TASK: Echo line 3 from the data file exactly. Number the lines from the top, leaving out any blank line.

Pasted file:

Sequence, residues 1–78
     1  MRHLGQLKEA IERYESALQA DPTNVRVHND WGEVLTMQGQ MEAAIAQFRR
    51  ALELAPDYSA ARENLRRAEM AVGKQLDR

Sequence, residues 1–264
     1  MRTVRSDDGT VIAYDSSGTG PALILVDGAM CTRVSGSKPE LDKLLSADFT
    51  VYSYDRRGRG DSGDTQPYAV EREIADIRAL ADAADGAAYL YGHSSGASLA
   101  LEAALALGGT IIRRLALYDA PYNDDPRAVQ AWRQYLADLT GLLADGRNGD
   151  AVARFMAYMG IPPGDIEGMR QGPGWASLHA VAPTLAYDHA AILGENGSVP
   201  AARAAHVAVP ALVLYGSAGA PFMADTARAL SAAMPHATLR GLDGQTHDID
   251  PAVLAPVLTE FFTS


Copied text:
    51  ALELAPDYSA ARENLRRAEM AVGKQLDR